# Linear congruential generator with uniform distribution [closed]

I am currently studying linear congruential generators, and there was an example in which I didn't get the code:

public class Random {

static final int a = 48271;
static final int p = 2147483647; //2^31 - 1
static final int q = p/a;
static final int r = p%a;
int state;

public Random() {
this ( (int)(System.currentTimeMillis()%Integer.MAX_VALUE ));
}

public Random(int initialValue) {
if (initialValue < 0)
initialValue += p;
state = initialValue;
if (state == 0)
state = 1;
}

public int randomInt() {
int tmp = a * (state % q) - r * (state/q);  //line I don't get
if (tmp < 0)
state = tmp+p;
else
state = tmp;
return state;
}
}


The teacher said that it was so that all numbers can be expressed in 32 bits (or somethig like that). The thing is that a LCG should have a period of exactly $p-1$ and I don't get why it should be the case with this line.

Could you also explain why the following code would not work?

public int randomInt() {
int tmp = (a*state)%p;
if (tmp <= 0) state = tmp+p;
else state = tmp;
return state;
}


Edit: I compared both generators by generating numbers in the interval $]0,1[$ with the following codes:

    //Generators
public int randomInt() {
int tmp = (a*state)%p;
if (tmp <= 0) state = tmp+p;
else state = tmp;
return state;
}

public int randomInt2() {
int tmp = a * (state % q) - r * (state/q);
if (tmp < 0) state = tmp+p;
else state = tmp;
return state;
}

public double randomReal() {
return randomInt()/(double)p;
}

public double randomReal2() {
return randomInt2()/(double)p;
}


And the Main method:

import java.io.File;
import java.io.FileNotFoundException;
import java.io.FileWriter;
import java.io.IOException;

public class Main {

public static void main(String[] args) {

File file = new File("resultatsGC.xls");
FileWriter fw = null;
Random rand = new Random();
Random rand2 = new Random();
double x, y;
int[] tab = {0,0,0,0,0,0,0,0,0,0};
int[] taby = {0,0,0,0,0,0,0,0,0,0};

try {

for (int i = 1 ; i < Math.pow(2, 31)-1 ; i++) {
x = rand.randomReal();
y = rand2.randomReal2();
for (int j = 0 ; j < 10 ; j++) {
if (x > j/(double)10 && x < (j+1)/(double)10) {
tab[j]++;
}
if (y > j/(double)10 && y < (j+1)/(double)10) {
taby[j]++;
}
}
if (i%100000000 == 0)
System.out.println(i+") "+x);
}

fw = new FileWriter(file, false);

//Write in file the results
for (int i = 0 ; i < 10 ; i++) {
double a = ((double)i)/10;
double b = ((double)(i+1))/10;
String str = "["+a+";"+b+"]\t";
fw.write(str);
fw.write(tab[i]+"\t");
fw.write(taby[i]+"\n");
}

fw.close();

} catch (FileNotFoundException e) {
e.printStackTrace();
} catch (IOException e) {
e.printStackTrace();
} finally {
try {
if (fw != null)
fw.close();
} catch (IOException e) {
e.printStackTrace();
}
System.out.println("DONE!");
}
}
}


And here is what it graphically gives:

Orange columns are the results of the algorithm that I had a question about. Clearly, it is better (much more uniform), but my question remains: why is it correct (even more correct than the other)?

• Although the code is expressed in Java, it's not langauge dependent so I think this is a reasonable question. It would be even better, though, if the Java were replaced by pseudocode. Oct 26, 2014 at 20:10
• Perhaps you could try to code both versions and see whether they agree. Oct 26, 2014 at 21:47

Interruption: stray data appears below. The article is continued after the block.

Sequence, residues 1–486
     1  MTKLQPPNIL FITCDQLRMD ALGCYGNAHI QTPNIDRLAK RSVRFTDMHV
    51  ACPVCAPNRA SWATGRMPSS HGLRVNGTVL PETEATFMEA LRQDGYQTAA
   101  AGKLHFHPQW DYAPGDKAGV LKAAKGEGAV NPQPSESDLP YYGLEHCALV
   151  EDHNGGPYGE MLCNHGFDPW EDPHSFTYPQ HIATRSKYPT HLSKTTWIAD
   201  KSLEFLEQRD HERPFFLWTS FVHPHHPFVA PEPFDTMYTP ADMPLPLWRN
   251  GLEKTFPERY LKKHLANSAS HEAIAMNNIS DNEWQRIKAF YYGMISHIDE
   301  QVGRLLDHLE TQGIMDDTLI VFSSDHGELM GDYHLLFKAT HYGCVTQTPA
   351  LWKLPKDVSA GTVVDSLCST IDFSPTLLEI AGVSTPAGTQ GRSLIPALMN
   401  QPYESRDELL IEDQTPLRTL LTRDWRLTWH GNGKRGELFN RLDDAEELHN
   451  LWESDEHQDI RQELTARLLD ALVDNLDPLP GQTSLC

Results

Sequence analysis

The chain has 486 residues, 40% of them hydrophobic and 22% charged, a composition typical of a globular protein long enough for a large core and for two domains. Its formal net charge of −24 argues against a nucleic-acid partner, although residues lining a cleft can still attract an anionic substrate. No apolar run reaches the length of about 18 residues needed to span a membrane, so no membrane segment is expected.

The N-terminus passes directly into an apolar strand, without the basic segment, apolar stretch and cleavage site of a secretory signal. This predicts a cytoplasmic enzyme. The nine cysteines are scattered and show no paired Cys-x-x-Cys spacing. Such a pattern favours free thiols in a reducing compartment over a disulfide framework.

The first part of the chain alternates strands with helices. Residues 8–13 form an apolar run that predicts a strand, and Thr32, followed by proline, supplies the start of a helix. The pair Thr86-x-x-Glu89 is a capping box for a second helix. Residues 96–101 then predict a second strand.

• Sorry for the Java version, I actually copy-pasted it from the class notes (where the codes are in Java). I did not think about writing pseudo code. Nevertheless, I think Java is quiet easy to understand, even for someone who never learned it. @YuvalFilmus Tried both version and put the results. Why is the method randomInt2() (in the edited part) better? Oct 30, 2014 at 19:42
• I agree that Java is easy to understand, and still, I am not planning to read any Java code. Pseudocode would simply be much shorter and even easier to understand. Oct 30, 2014 at 20:01
• Also, I can't tell what your question is. Can you please edit the question to be clearer about what your question is. "I didn't get the code" is not a question.
– D.W.
Nov 30, 2014 at 19:57

One issue with your generator is that when computing tmp = (a*state)%p, you are actually taking modulo twice: first modulo $2^{32}$ (with sign), then modulo $2^{31}-1$. So you aren't really computing $a^t \pmod{p}$ like you might have expected. To test this hypothesis, you can ask Java to use long for the multiplication a*state – the results should improve. There is also a difference between using signed and unsigned arithmetic, though you can't test this in Java.
The other generator is more careful - it's only multiplying small numbers (the result is below $2^{31}$), which is why the truncation issue doesn't effect it.
The other generator computes the function $$y\lfloor \tfrac{p}{a} \rfloor + z \mapsto az - (p\pmod{a}) y.$$ (The comparison to $0$ just ensures that the result is in $[0,p)$ without affecting the value modulo $p$.)
The idea is that $$a(y\lfloor \tfrac{p}{a} \rfloor + z) \equiv az + y(a\lfloor \tfrac{p}{a}\rfloor-p) \pmod{p}.$$ Now $a\lfloor\frac{p}{a}\rfloor-p = -(p\pmod{a})$, and so the other generator really computes $x \mapsto ax \pmod{p}$.
• the first modulo $2^{32}$ is probably the reason why the generator seems less efficient. Now, mathematically speaking, the generator with the rule $x_n = a\cdot x_{n-1} \pmod p$ has a period of $p-1$ (this is easy to prove, this is mostly because $a$ generates the multiplicative group $\mathbb{F}_p^{\times}$). The thing I want to understand is why with the formula $x_n = a \cdot \left(x_{n-1} \pmod{\frac{p}{a}}\right) - (p \pmod a) \cdot \left(x_{n-1} \cdot \frac{a}{p}\right)$ would generate the same group. Oct 31, 2014 at 18:51
• You should add a few floors to your formula: it's not $p/a$ but $\lfloor p/a \rfloor$, and it's not really $x_{n-1}\cdot\frac{a}{p}$ but rather $\lfloor x_{n-1}/\lfloor p/a \rfloor \rfloor$. Oct 31, 2014 at 19:06